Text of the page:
Wednesday, February 16, 2011
Kirk's first day of chemo began on a Saturday morning, and it surprised me to learn that chemotherapy actually occurs on the weekend as well. I later learned that chemotherapy takes place no matter what . . holidays, weekends, a global disaster. Chemo goes on.
Kirk slept through that first day while the nurse gave me a book of what to expect when you are expecting your whole life to crumble because your husband is receiving chemo for a cancer you have yet learned how to pronounce properly. It was huge and overwhelming. I cried, she patted my knee, and the entire process took about two hours. Kirk does not remember anything about that appointment to this day.
Kirk began with only Velcade/Dex. This is a very important detail for anyone with the t 4;14 because new studies are showing that Velcade can overcome the high risk status of t 4;14. A round of chemo is two weeks on and ten days off. Kirk underwent a total of five rounds of chemo prior to stem cell transplant.
Beginning values 4120 M protein 4330.0 IGA
December 22 3915.0 M protein 3670.0 IGA
January 4 4080.0 M protein 4084.0 IGA
I find it necessary to stop here for a moment and reflect on the scare these values gave Kirk and I initially. It appeared to us that the cancer was not reacting to the chemotherapy. In actuality, we learned that MM can build a resistance to treatment and this was happening in Kirk's body quite rapidly. So the big gun of chemo for MM was not working for my husband, but that is when our doctor added Revlimid to the mix and Kirk's numbers dropped almost by half in February.
I would like to add one more note in this pause from numbers for all the caregivers to a MM patient. Always insist that the nurse give your loved one the Dex (steroid) SLOWLY into their IV because if it is given too quickly it can cause a pain to shoot up from the backside. It was described to us like fire ants in the pants, and Kirk told me that this is an accurate description. So, always ask the nurse for a nice and slow injection.
January 22 2270.0 M protein 2270.0 IGA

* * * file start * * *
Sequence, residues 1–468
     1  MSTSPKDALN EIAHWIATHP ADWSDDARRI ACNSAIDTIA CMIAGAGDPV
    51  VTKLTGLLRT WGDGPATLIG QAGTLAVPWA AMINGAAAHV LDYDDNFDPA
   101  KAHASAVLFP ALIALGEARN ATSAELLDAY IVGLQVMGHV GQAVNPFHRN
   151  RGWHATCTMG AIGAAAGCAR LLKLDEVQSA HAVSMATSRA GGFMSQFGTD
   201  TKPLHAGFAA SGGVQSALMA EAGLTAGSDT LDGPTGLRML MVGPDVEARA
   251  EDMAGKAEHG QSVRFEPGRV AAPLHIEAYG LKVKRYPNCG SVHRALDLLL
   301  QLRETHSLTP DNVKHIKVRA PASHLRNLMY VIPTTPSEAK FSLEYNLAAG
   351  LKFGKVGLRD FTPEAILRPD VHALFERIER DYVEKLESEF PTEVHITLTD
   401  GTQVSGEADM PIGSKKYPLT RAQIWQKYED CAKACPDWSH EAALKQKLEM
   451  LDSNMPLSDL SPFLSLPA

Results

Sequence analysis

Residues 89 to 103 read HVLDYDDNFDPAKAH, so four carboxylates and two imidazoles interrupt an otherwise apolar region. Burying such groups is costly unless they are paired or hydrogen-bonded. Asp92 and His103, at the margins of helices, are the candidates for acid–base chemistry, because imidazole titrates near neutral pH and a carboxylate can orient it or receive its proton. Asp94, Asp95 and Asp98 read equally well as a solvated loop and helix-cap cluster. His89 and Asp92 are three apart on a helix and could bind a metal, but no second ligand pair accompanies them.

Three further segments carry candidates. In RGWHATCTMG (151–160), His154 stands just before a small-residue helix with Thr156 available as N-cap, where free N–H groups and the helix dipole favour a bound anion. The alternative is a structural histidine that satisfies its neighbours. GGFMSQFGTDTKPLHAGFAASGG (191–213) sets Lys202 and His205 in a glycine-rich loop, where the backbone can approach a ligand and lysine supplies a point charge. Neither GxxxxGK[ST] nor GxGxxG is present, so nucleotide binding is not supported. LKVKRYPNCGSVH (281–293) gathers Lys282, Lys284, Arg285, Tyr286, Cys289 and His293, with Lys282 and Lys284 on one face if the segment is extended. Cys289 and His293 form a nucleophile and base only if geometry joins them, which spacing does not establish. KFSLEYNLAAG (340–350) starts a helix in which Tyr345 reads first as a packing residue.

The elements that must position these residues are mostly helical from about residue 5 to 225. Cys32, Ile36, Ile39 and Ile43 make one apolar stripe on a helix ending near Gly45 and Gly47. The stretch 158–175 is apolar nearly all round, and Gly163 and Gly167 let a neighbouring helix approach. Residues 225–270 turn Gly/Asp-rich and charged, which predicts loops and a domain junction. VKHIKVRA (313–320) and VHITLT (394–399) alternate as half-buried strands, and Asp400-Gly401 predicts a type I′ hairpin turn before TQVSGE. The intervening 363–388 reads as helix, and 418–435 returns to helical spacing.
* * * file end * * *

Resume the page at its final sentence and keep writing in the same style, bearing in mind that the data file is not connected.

February 12 1185.0 M protein 1860.0 IGA
March 8 1125.0 M protein 1650.0 IGA
March 23 .937 M protein 1310.0 IGA
If there is one thing I have learned this past year about MM, it is that things can look bleak one minute, but right themselves out the next. Keep your hope alive no matter what the circumstances. We felt such despair when Kirk was not responding to treatment, and then such relief when the Revlimid began working its magic. It was the good news we desperately needed to continue to move along in high spirits.
And move along we did throughout that winter of treatment, fatigue, minor paralysis in Kirk's hands and feet from the Velcade, and sleepless nights caused by the surge of energy only Dex can bring on in the body. Kirk was blessed with only these minor side affects from the chemo, and we were surprised at how much we were able to do and enjoy in the midst of treatment. It was a part of our life, not the entirety of our life at that time.
We continued to move forward by traveling to some of our favorite winter destinations and enjoying the energy and happiness our son brought to our daily existence. And as good fortune had it, the easy routine of the chemotherapy sessions did make us feel stronger and more in charge of things we did not have any control over in our lives. We would arrive at the hospital fifteen minutes early and pick up a cup of gourmet coffee and the most delicious cupcakes from Cheryl's Cookies, and we would enjoy the precious time away from our son and the restaurant just talking with each other about anything not related to cancer. We did a lot of talking that winter, and a lot of hugging, and a lot of crying, and a lot of laughing. But mostly, it was the winter we did a lot of loving. And that in itself was a blessing.